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State budget passes House with bipartisan support

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New Mexico state lawmakers trickle into the Statehouse on Tuesday, Jan. 19 in Santa Fe on the first day of a 60-day legislative session. (AP File Photo)

Copyright © 2021 Roswell Daily Record

Most local representatives vote in favor of the $7.3 billion House bill

With overwhelming bipartisan support on Wednesday, a $7.3 billion state budget coasted through the New Mexico House of Representatives.

House Bill 2 (HB 2) sets state spending levels for the fiscal year which begins July 1, and passed on a vote of 60-10. Local state Reps. Candy Ezzell, R-Roswell; Phelps Anderson, DTS-Roswell; and House Minority Floor Leader Jim Townsend, R-Artesia, all supported passage. Fellow state Rep. Greg Nibert, R-Roswell, opposed the measure.

It now heads to the New Mexico Senate for consideration.

The budget represents a $332 million, or 4.6% increase over the current budget, much of which goes toward funding items that were temporarily covered by federal stimulus dollars, state Rep. Patricia Lundstrom, D-Gallup, chairman of the House Appropriations and Finance Committee, said when introducing HB 2 to the full House for three hours of discussion.

“Our constitutional duty is to prepare a state budget, and I am incredibly proud of the work by HAFC members and staff, who’ve come together during one of the most trying times in our state’s history to get this budget done,” Lundstrom said in a press release circulated after the vote.

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Anderson, who represents northeastern Chaves County as well as parts of Lea and Roosevelt counties in House District 66, said the budget is urgently needed as the state seeks to emerge from the economic effects of the COVID-19 pandemic.

“Today is the day when House Bill 2 needs action,” Anderson said.

He added that the state is struggling to regain its footing, while New Mexico students having trouble with virtual learning are falling behind.

“This is not the way forward for New Mexico and I believe House Bill 2 provides a critical step forward to a fully functioning state government which is going to be part of turning this economy around and opening our schools,” Anderson said.

Much of the budget, or $3.39 billion, is directed toward public education, representing a 5.5% spike over the previous year. A summary of the budget from the Legislative Finance Committee said those items include $110 million of extended learning programs, $120 million for K-5 Plus programs for an extra 25 days of schooling for at-risk elementary school students, and $20 million for community schools.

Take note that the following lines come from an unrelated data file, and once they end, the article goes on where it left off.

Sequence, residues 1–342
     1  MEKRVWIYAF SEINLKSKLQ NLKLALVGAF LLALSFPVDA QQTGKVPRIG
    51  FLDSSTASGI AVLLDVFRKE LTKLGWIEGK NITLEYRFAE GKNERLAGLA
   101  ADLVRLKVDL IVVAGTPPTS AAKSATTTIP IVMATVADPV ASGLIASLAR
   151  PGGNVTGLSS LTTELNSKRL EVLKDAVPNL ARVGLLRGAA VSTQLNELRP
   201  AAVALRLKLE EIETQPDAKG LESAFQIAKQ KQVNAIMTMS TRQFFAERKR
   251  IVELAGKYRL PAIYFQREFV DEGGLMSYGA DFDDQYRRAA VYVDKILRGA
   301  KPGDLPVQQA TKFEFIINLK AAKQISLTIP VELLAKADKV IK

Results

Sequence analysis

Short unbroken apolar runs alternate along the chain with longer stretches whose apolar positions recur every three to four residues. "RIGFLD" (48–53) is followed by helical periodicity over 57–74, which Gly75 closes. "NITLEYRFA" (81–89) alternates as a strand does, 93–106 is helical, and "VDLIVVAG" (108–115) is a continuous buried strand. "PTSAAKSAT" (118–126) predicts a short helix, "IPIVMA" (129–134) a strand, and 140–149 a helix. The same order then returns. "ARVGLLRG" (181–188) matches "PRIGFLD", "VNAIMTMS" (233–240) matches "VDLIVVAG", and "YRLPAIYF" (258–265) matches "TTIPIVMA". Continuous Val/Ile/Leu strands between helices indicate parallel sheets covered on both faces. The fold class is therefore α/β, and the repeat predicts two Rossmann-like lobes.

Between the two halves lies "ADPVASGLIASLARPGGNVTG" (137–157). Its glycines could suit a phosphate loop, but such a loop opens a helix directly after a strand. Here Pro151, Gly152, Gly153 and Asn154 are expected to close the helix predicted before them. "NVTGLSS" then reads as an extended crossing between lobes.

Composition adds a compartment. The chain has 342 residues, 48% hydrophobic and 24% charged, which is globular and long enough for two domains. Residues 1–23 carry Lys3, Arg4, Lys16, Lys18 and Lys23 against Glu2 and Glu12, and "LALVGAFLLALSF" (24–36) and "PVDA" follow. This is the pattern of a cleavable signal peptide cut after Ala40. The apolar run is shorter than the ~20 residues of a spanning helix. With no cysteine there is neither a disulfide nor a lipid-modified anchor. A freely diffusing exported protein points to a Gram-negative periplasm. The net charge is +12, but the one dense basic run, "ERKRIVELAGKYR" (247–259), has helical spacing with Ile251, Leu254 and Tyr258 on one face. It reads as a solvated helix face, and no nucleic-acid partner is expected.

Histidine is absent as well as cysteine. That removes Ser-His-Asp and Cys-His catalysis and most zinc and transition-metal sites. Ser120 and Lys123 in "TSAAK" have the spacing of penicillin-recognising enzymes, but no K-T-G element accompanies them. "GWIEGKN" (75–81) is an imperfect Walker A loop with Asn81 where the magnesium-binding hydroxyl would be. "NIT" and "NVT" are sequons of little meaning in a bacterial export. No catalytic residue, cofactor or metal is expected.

Federal aid passed in December will also send school districts in New Mexico an additional $439 million to address possible school enrollment losses.

Ezzell, who like Anderson sits on the House Appropriations and Finance Committee, said part of the reason for public education taking up so much of the budget is because of the requirement that the state meet its obligation to provide sufficient funding to eduction as mandated under the Yazzie/Martinez v. State of New Mexico decision.

She also said the Appropriations Committee prioritized making funding available in order for New Mexico schools to reopen.

“The concern from most of the people who serve on that committee is that it is time they get back in school, our kids get back in school and our teachers start teaching in person again,” she said.

Ezzell added that she is glad the state Department of Transportation received $300 million in funding for local and state roads throughout New Mexico.

The bill though was not perfect for local lawmakers. Ezzell said she would have liked to see the state’s reserve levels higher. The budget places reserves, which help the state endure financial volatility, at 24% of expenditures.

Nibert, the lone member of the area House delegation to oppose the budget, said he was dismayed by the bill’s size.

“I just really am concerned that we continue to grow government,” he said after the vote was cast.

A hike in the budget for the New Mexico Environment is something Nibert said was contained in HB 2 that he opposed. He added he is worried that and other initiatives taken by the Legislature this session will send a negative message to the oil and gas industry, which the state relies on for a large share of its budget and is a crucial element of southeast New Mexico’s economy.

“I just don’t like increasing the role of government there and doing things there that are going to cause problems for our friends and neighbors,” Nibert said.

Breaking news reporter Alex Ross can be reached at 575-622-7710, ext, 301, or breakingnews@rdrnews.com.

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